I was running Camp Mommy solo, no older children around to help me, and it was exhausting
Last summer, I took out a dusty relic from my younger years and did Camp Mommy.
When I was in my twenties, with just two or three small kids at home, I’d take on that yawning abyss between camp and school with energy and vigor. I’d research, plan, grab a tote bag with some drinks and snacks, and off we’d go. It was fun!
And exhausting, probably.
But the Camp Mommy of my mind was coated with that magical powder that gives old memories an idyllic sheen.
So when midsummer I was faced with a week in which I had only my three younger kids, all under age eight, at home, Camp Mommy winked at me from the recesses of my mind in all its glistening nostalgia.
I can do this again, I thought. Why not give these younger kids a chance at Camp Camp Mommy, too? Didn’t they deserve it also? We’d have so much fun.
Decision made, I let my kids know. They were thrilled.
We chose the Children’s Museum for our first destination. It seemed like the perfect trip for this younger set of kids who never seem to get to do anything tailor-made for them. It’s a fun, wholesome place, kind of like a giant playroom where you can make a huge mess and no one makes you clean up.
Day one of Camp Mommy dawned bright and hot. Instead of rushing around getting the kids off to day camp, we took it slow. I drank my coffee, and davened in between complaints and requests for help. I tried to stretch out the morning until our reservation at the museum. I gave them lunch, picked up a friend, and finally we were on our way.
The drive there was uneventful; anticipation and a story CD were enough to keep everyone happy until we arrived at the museum.
We walked inside, paid, and began to explore. The kids were in heaven, surrounded by a cornucopia of colors and sounds. There was a miniature supermarket with small checkout counters and scanners, and a virtual reality pool on the floor that made real waves when you stepped on it. It was all a bit loud for me, but being a good sport, I soldiered on.
The kids ran from one exhibit to the next. For them, it was better than being in a candy store. I schlepped along next to them, looking for a place to sit at each exhibit, resisting the urge to pull out my cell phone. I yawned, feeling a bit old.
I was running Camp Mommy solo, no older children around to help me, and it was exhausting. By the time our session was over, I was bombed. I trudged back to the car while the kids skipped and ran. Of course they were starving, so we made up for the two (two!) whole hours with no food or drinks by desperately polishing off any snacks and drinks I had in the car.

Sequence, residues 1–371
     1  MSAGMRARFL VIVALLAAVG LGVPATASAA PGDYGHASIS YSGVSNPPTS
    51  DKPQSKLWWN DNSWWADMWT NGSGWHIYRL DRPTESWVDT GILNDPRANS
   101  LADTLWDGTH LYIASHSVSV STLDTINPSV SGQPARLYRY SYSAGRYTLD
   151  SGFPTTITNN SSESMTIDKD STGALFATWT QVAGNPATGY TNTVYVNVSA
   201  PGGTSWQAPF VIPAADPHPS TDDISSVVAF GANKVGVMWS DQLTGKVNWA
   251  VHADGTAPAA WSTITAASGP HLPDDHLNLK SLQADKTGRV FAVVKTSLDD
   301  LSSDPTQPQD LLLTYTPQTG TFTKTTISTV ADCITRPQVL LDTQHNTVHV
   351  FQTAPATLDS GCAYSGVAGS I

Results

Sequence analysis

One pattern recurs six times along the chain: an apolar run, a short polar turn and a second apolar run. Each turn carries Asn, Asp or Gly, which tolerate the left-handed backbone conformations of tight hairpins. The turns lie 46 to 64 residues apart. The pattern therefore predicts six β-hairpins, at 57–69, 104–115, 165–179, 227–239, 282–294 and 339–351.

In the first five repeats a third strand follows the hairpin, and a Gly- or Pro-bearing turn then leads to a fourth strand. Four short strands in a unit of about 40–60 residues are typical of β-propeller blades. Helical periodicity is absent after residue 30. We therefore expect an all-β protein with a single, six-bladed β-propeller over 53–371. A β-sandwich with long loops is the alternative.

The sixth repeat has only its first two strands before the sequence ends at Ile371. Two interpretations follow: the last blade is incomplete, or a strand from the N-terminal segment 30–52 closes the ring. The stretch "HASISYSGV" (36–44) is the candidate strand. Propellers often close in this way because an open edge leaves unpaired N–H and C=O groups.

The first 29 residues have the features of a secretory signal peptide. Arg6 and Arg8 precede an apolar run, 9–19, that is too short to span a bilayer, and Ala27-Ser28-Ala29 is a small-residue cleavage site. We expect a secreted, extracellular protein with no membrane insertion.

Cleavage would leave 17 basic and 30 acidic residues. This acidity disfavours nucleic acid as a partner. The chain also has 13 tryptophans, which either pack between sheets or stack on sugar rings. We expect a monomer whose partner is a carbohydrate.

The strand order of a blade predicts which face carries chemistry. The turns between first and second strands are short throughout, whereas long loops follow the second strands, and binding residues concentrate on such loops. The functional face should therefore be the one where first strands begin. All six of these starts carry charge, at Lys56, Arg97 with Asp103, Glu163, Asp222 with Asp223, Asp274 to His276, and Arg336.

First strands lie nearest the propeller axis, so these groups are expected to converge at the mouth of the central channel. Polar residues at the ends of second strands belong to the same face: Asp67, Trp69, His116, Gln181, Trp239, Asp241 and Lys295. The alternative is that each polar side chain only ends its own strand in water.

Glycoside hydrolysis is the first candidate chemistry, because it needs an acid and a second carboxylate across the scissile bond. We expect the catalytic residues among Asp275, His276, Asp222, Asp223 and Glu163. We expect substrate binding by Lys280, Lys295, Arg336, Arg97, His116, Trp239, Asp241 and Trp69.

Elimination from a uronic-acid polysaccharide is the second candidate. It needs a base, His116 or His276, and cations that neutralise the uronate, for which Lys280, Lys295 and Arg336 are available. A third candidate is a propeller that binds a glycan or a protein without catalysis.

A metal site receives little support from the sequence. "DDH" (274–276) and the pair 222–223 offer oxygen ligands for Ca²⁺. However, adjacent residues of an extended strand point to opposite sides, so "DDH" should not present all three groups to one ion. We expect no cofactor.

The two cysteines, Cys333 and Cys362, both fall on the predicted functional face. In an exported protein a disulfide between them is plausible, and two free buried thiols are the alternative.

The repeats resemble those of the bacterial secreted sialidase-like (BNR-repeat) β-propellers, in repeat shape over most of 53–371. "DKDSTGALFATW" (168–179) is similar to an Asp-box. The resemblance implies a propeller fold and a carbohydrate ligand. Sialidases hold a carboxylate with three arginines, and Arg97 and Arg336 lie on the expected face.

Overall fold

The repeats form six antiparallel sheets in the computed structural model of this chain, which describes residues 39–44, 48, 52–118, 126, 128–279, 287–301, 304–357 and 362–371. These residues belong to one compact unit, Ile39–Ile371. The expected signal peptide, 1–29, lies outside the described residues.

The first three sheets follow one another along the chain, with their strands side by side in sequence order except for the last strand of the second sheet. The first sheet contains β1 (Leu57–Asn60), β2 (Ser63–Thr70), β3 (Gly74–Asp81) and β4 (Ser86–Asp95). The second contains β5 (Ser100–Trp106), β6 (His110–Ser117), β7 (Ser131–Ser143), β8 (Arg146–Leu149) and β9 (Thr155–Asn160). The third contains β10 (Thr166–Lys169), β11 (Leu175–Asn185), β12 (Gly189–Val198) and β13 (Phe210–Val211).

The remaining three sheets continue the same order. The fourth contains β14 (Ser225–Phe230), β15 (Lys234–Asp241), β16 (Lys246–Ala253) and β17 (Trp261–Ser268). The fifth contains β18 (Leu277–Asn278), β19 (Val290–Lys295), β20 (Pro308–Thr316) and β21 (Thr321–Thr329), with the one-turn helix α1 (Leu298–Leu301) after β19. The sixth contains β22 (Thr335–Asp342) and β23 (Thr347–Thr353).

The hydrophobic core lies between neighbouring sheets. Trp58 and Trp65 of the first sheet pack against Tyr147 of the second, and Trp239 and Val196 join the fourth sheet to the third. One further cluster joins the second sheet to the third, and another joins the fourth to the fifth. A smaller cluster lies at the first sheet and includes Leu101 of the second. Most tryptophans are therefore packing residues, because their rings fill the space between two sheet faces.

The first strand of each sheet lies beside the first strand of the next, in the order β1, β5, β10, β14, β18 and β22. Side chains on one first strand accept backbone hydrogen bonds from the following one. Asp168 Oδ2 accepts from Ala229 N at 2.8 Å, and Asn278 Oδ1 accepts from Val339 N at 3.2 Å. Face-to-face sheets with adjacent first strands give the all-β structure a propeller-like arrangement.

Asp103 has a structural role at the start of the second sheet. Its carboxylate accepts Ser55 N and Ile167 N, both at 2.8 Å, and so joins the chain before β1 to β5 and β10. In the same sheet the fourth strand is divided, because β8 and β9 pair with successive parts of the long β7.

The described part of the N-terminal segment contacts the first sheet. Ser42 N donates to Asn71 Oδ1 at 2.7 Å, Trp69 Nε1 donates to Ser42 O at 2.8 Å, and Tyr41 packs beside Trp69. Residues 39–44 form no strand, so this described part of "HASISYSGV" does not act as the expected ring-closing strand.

The car ride home was tough. We hit midafternoon rush hour traffic. My two-year-old kept falling asleep as I desperately sang Uncle Moishy songs to keep her awake, and my five-year-old sprouted a headache/stomachache/arm-hurts-ache.
Where was the Shiny Camp Mommy of my memories? Had the kids cried and kvetched then, too? Had I felt this tired when I was ten years younger? All I wanted was a couch to put my feet up on and a solid nap.
Somehow we made it to dinnertime. As my sweet children ate (again), and I had a few minutes to recover, I asked them if the first day of Camp Mommy had been fun. Beaming, the three of them vigorously nodded their heads.
Suddenly the exhausting day felt worth it. And when I put my five-year-old to bed that night, she didn’t beg me to lie with her like she usually does, not letting me leave until her eyes are closed. She seemed so secure, so happy, as though that day she’d finally gotten enough of me.
And I realized that my exhaustion, the holes in the day where they were bored or I might have snapped at them, that feeling that the day was schlepping on — it all didn’t matter. Because once again, Camp Mommy had worked its magic.
(Originally featured in Family First, Issue 855)
Oops! We could not locate your form.